By Bud Liebler
Downtown Detroit Aglow is the Downtown Detroit Partnership’s annual Thanksgiving fund raiser where all the city’s buildings are lit to celebrate the start of the holiday season. It’s a beautiful event and a great opportunity to see how sparkling our city can be.
My wife and I had an opportunity to see a different kind of Detroit Aglow last Saturday night, one we wish everyone in metro Detroit could have shared. It was Detroit Abuzz! And Detroit with a different kind of glow, one that comes from headlights and traffic jams, from the hustle-bustle of people on the sidewalks, laughter and chatter, crowded restaurants, busy theaters and sports arenas.
With the Red Wings at the Joe, Autorama at Cobo, “Fela” at Music Hall and events at the Michigan Opera Theater, the Fox and Fillmore and who knows where else, plus a rink full of skaters on the ice at Campus Martius Park, the city was alive and at its best. And this was a night in February!
In my 40+ years in Detroit this was as busy and stimulating as I’ve ever experienced in the city. And, importantly, it felt safe and incredibly friendly. Everybody seemed to be picking up on the vibe and helping lift it to the next level. The experience added to my already optimistic view of Detroit’s future, which was further enhanced by two events I attended recently. Saturday night was just the icing on the cake.
The first event was a talk by Commander Ken Williams of the Detroit Police Department. Williams, a broad-shouldered, thick-necked officer, wants to change the culture of Downtown Detroit by assuring its safety and encouraging more metro Detroiters not to let their fears keep them from coming Downtown to take advantage of all the city has to offer. He said that per capita Downtown Detroit today is the safest city in America. And he aims to keep it that way.
That claim is hard to believe for most metro Detroiters tired and concerned after reading of random violence that kills nine-month-olds and 12-year-olds in their living rooms. But Commander Williams is talking about Downtown Detroit where he and his team are focused on making the city a walkable community and simply not accepting bad behaviors of any kind, whether it’s drunk and disorderly conduct or parking too close to a fire hydrant. “Downtown has got to create the standard for the rest of the city,” Williams said, and he’s laser-focused on creating and upholding that standard.
Meanwhile, the city is turning on more lights at night, making police (both Detroit police and private security guards) more visible on the streets, adding 1,077 units of new lighting, and keeping public parking lots open, lit and watched. Larcenies from automobiles and panhandling, not shootings and drugs, are the two prevailing issues the police have to deal with in the city. “Park in the lots, or at metered spots, and don’t leave your laptops and I-phones on the front seat,” Williams advised. Seems pretty much like common sense.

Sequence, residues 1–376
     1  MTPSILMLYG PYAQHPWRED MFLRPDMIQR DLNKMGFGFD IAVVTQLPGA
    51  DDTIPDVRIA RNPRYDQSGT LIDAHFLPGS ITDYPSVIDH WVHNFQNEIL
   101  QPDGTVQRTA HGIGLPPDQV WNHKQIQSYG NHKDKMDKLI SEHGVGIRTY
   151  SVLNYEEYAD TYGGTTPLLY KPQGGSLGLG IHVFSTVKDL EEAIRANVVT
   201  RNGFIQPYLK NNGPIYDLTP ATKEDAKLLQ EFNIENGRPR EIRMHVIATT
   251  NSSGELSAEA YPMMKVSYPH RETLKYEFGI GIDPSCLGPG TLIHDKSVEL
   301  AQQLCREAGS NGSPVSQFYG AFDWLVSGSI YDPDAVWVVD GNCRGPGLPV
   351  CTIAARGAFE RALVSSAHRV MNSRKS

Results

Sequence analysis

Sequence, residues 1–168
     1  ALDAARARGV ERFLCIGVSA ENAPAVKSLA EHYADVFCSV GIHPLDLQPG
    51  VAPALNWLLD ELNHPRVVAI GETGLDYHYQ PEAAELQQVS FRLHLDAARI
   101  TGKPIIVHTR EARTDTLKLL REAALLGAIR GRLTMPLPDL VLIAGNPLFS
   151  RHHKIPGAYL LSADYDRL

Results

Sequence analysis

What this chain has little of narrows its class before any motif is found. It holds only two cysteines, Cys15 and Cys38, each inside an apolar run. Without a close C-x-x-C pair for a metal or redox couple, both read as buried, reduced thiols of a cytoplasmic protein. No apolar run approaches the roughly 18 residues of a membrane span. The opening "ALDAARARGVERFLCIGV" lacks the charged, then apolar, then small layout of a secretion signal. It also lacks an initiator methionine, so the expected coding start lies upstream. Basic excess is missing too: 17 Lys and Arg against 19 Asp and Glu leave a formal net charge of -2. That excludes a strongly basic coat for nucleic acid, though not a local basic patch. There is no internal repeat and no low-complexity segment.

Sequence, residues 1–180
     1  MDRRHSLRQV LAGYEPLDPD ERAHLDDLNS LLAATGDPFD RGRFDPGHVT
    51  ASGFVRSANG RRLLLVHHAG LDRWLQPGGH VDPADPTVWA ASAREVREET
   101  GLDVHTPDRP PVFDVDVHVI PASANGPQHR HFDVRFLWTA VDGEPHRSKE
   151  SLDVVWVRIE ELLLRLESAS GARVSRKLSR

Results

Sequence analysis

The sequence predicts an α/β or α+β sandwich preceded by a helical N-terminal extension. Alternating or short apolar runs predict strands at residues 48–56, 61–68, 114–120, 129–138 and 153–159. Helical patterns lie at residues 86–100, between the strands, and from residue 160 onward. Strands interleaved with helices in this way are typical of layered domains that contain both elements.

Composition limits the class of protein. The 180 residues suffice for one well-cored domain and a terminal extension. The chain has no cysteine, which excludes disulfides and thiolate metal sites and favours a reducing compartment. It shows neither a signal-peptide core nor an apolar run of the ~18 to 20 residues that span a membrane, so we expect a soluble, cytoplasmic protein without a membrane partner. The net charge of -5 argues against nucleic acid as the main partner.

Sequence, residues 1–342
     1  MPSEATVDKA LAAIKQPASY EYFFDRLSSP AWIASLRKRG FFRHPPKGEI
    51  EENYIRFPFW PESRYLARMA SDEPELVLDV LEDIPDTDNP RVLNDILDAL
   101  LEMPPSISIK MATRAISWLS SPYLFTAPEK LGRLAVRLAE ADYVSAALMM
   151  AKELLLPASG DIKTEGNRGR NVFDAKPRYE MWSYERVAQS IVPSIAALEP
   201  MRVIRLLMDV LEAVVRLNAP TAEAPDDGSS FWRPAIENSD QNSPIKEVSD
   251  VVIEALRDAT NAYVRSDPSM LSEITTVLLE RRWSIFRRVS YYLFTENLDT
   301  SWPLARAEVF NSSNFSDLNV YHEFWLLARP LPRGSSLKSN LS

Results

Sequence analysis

The second event that boosted my outlook for Detroit’s future was a community meeting – in the community of Birmingham. Detroit City Council President Charles Pugh came to the burbs to learn what would make suburbanites more interested in coming back into the city. Craig Fahle of WDET opened the session by reminding the audience that Coleman Young died in 1997 and “it’s time to get over the idea that he stifled communication and look beyond what our parents and grandparents told us about the city and start learning about it ourselves and forming our own opinions.”
The audience at The Birmingham Community House was full of people who wore their obvious passion for Detroit on their sleeves. While there were lots of complaints and concerns – crime, taxes, schools, cleaning up abandoned buildings – there was a genuine, deep and apparently abiding love for the city by all those suburbanites who have roots in Detroit.
Pugh, a former newsman himself, argued that most perceptions of the city are generated by the news media who, he said, “tell you what’s going wrong but not necessarily what’s going on.” He said the city is working through “a menagerie” of old issues and lamented that “it’s asinine how much lack of regional cooperation and understanding has hurt us in Detroit.” Pugh urged the audience: “Be realistic. We are a city with many challenges and we’re fixing them as best we can, but it’s not going to happen overnight.”
One woman in the audience rose to the occasion and summed it up best when she spoke. “We are all Detroiters. Everybody who’s here is here because we love the city. We all know the problems aren’t going to be fixed in one day, but neither are the problems in other cities. For some reason we only talk about what’s bad around here,” she said. “We have to start grabbing hands and look at what’s good, too, and make the whole picture what we want it to be. If we work together we can do that.”
Cue applause. Cue more reasons for all of us to be optimistic. If you are interested in getting involved click on this link http://wdet.org/shows/wdetraw/episode/a-call-to-action-pledge-now/.
Bud Liebler is owner of The Whitney.